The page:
From nucleation to engineering of crystalline architectures at air− liquid interfaces Academic Article uri icon

abstract

  • The packing arrangements of Langmuir films on aqueous solution of simple amphiphiles, such as fatty acids, alcohols, amides, and amino acids, are now established to near atomic resolution by the method of grazing incidence X-ray diffraction (GIXD), complemented by various spectroscopic and lattice energy computational techniques. For simple aliphatic chainlike amphiphilic molecules, it is possible to correlate the extent of two-dimensional (2-D) crystallinity of the Langmuir film with molecular interactions, in terms of the nature and length of the hydrophobic chain, the type of hydrophilic headgroup, and the binding properties thereto of solute ions and molecules from the aqueous subphase. The monolayer packing arrangements of amphiphilic molecules can be engineered for the performance of photoinduced topochemical reactions, and characterized by GIXD. Racemic mixtures of amphiphiles can also be engineered, by taking advantage of intermolecular hydrogen bonding, to undergo a spontaneous separation of the left- and right-handed molecules into 2-D chiral crystals at the air−solution interface. The geometry of binding of molecules or ions from the aqueous subphase to the hydrophilic headgroups can be pinpointed by GIXD, in favorable systems. The ordered binding of solutes to the amphiphile monolayer can lead to induced nucleation of oriented organic and inorganic crystals at the solution interface. GIXD has shown that such an induction can occur via even a partial lattice match, or by structural complementarity, sometimes involving a molecular rearrangement of the amphiphiles. It is possible from monolayer-induced crystallization to glean information on the process of nucleation and on the critical size of the nuclei. A variety of different types of crystalline multilayers, composed of water-insoluble molecules such as bolaform amphiphiles, alkanes, heterosubstituted aromatics, can be formed at the air−solution interface. The number of layers formed and their polymorphic behavior can be controlled, albeit within limits, with the use of tailor-made additives. Their structures can be determined by GIXD, thus providing data on the initial stages of 3-D crystalization. Multilayers, comprising water-insoluble and water-soluble components, assembled in situ at the solution surface leading to thin film supramolecular architectures, have been engineered. These crystals have been found to be oriented vis-à-vis the solution surface and thus amenable to characterization by GIXD and other methods.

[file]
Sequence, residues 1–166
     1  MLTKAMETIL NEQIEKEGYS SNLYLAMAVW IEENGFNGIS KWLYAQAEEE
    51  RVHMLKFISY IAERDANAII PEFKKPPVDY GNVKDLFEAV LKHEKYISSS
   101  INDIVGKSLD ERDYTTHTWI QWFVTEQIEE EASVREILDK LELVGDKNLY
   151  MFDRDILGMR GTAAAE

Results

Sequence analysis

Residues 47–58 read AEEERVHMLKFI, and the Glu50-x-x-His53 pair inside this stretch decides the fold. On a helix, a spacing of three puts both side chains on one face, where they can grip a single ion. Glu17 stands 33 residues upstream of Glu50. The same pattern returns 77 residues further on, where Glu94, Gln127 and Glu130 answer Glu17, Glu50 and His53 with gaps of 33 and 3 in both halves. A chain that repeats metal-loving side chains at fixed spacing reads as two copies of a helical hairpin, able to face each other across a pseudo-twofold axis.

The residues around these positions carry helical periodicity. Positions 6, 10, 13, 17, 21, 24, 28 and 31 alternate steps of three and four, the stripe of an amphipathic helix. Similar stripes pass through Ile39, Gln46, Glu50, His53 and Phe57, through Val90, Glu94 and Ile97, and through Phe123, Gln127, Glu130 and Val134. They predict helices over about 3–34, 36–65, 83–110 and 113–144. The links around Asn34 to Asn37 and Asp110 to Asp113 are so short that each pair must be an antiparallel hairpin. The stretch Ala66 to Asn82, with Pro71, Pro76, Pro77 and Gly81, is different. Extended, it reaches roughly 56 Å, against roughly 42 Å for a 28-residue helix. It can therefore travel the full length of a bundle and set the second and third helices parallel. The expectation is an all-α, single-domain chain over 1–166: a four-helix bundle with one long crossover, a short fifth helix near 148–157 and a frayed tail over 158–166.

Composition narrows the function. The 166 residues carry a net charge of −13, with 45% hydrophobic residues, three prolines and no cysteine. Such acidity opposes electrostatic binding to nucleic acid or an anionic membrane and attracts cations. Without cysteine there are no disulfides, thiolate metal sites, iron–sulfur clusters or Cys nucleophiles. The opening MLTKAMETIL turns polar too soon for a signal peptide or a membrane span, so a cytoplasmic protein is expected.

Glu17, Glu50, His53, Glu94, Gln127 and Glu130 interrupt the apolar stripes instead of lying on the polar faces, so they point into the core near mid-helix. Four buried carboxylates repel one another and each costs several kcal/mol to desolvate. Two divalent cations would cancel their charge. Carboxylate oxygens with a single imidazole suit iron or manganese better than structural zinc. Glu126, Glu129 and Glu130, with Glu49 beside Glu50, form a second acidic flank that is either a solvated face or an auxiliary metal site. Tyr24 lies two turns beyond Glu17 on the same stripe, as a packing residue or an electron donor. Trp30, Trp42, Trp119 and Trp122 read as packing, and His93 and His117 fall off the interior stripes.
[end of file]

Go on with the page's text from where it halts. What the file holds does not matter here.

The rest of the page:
publication date

  • January 26, 2000